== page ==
How Old is Arctic Ice?

The shrinking of the summertime Arctic Icecap in recent decades has left me wondering when the last time the Arctic was ice free.  Turns out this is a hard question to answer due to the fact that Arctic sea ice undergoes a little melting every summer from top (weather) and bottom (unfrozen ocean) which leaves a poor record.

The most accepted theory is that the North Pole has been capped in ice continuously or nearly continuously for 2.7 million years ago since the beginning of the present Wisconsonian ice age.  During the past 2.7 million years, there have been many periods of glacial advances in which ice has moved southward into the mid-latitudes and then retreated back to the Polar region during relatively brief interglacials.

The land-based and much colder Antarctic Icecap is thought to be around 34 million years old.

Meteorologist John Wheeler

Ice Age Primer

The present Ice Age, known as the Wisconsonian, began about 2.7 million years ago.  Since then, Earth has undergone a sequence of glacial advances and interglacial warm periods.  Approximately one million years ago, the frequency switched from about every 40,000 years to about every 100,000 years, during which time the cold periods became colder.

The present interglacial began about 12,000 years ago and is known as the Holocene Epoch.  The previous glacial period had lasted about 112,000 years.  The coldest point is thought to have been about 20,000 years ago when the globally averaged temperature was about 8-10 degrees colder than today.  The level of the sea was about 400 feet lower than today due to there being so much water locked in ice.

The previous interglacial is known as the Eemian and featured peak temperatures several degrees warmer and sea levels 20-30 feet higher than today.  There are at least four other known glacial periods in Earth’s past.   John Wheeler

 

July In Review

July was a very average month for Fargo Moorhead.  The average temperature was 72.5 degrees which is 1.5 degrees above the long term average.  Rainfall was 2.78 inches which was just 0.01 inches below average.

The warmest temperature was 91 on the 27th and the coolest was 42 on the 7th.  For the month, there was just one day with a high in the 60s, six days in the 70s, 21 in the 80s and just three in the 90s.  Low temperatures were in the 40s once, the 50s nine times, and the 70s 21 times.  Because daily records are kept midnight to midnight, the record does not reveal the three nights with overnight lows in the 70s because on all three occasions, the temperature cooled below 70 before midnight the following night.

The daily average temperature was above average 21 of the 31 days, indicating a month with consistently slightly above average temperatures but an absence of any truly “much above average” weather.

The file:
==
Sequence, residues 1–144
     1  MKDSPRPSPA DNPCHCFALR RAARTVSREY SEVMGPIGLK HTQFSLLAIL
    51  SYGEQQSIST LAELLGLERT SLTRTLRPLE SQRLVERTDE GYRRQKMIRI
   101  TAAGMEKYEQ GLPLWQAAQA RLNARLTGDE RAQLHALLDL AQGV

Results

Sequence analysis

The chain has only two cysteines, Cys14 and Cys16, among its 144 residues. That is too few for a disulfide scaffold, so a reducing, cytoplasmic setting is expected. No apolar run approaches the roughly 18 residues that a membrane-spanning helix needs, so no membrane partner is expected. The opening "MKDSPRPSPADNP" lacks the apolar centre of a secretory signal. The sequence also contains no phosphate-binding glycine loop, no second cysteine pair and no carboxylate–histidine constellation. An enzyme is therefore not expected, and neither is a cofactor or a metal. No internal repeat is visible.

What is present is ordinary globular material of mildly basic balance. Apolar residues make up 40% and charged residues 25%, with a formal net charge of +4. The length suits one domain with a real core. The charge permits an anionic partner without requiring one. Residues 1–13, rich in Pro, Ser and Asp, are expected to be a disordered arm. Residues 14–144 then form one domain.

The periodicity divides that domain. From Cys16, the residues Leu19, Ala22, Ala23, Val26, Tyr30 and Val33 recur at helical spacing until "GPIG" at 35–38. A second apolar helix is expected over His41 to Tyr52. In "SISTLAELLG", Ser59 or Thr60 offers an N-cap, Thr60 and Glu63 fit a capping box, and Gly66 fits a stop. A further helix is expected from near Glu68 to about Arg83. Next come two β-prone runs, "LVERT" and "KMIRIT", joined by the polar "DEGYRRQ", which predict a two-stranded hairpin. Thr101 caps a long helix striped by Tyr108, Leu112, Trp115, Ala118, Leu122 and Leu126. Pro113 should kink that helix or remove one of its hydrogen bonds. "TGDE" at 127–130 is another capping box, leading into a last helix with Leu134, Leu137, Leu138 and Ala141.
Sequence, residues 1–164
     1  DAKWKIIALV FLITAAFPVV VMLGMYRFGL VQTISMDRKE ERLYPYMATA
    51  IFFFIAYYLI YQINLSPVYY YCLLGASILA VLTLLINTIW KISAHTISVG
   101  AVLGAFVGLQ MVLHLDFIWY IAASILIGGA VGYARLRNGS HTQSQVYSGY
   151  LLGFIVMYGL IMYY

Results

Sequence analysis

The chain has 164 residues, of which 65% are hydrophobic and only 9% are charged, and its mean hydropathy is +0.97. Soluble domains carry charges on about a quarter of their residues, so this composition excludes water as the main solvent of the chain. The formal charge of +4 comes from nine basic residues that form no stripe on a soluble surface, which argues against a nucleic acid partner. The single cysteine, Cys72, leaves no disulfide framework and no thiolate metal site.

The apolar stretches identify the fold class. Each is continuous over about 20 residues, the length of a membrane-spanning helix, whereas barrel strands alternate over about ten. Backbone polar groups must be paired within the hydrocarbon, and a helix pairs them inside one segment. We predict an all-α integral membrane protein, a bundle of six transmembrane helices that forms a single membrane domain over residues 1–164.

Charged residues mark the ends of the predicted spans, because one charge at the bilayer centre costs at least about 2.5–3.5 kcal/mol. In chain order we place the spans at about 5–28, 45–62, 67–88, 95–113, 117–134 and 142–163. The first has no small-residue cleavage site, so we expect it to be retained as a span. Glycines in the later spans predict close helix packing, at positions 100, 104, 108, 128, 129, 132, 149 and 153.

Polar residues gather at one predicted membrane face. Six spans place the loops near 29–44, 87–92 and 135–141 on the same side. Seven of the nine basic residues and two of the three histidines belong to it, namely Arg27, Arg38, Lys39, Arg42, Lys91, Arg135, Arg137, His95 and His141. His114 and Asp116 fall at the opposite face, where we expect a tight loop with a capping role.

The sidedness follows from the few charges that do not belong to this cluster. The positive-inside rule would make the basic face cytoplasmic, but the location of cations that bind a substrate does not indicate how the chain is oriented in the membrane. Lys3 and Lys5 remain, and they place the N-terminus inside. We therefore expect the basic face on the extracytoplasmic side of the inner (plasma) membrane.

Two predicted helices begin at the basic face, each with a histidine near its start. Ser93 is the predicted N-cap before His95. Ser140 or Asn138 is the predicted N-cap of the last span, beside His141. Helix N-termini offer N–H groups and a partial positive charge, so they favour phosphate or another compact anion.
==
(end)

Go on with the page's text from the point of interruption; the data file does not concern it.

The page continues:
Meteorologist John Wheeler

Eerily Eemain?

A lot of climatologists are talking about the Eemian Period lately.  The Eemian is the name for the last great warming prior to the last glaciation.  It happened about 125,000 years ago.  According to ice cores and fossil records of the time, Earth was a few degrees warmer than the present period (The Holocene) and sea levels were about 20-30 feet higher than today.

The recent discussion revolves about a finding of a sudden warming late in the Eemian period that may have been related to a rapid ice melt and a sudden associated sea-level increase.  The thinking is that some of the glacial areas on Earth today are melting faster than the climate models have predicted, suggesting that the sea level rise in the next few hundred years could possible come faster and sooner than expected.

Not all climatologists agree with this idea.  The one part of this that concerns me is that there is more carbon dioxide level in the atmosphere today than there was in the Eemian.

Meteorologist John Wheeler

Season’s Wobbles

Someone asked the other day why it is warmer in the summer even though the sun is closer to us in winter.  First of all, yes, the sun is actually closer to us in winter.  Earth’s orbit around the sun is elliptical, not circular.

Winter is colder in the Northern Hemisphere because Earth’s Axis of Rotation points the Northern Hemisphere away from the sun in winter, giving us shorter days, longer nights, and more oblique solar radiation.  In the Southern Hemisphere, the sun is actually closer during the summertime.  But instead of having hotter summers and colder winters, the Southern Hemisphere is more temperate because there is a higher percentage of the surface covered by the ocean.

The Axis of Rotation slowly wobbles like a spinning top every 26,000 years.  Half of that time, the sun is actually closer to the Northern Hemisphere in summer.

Meteorologist John Wheeler

 

Sweating In the Humidity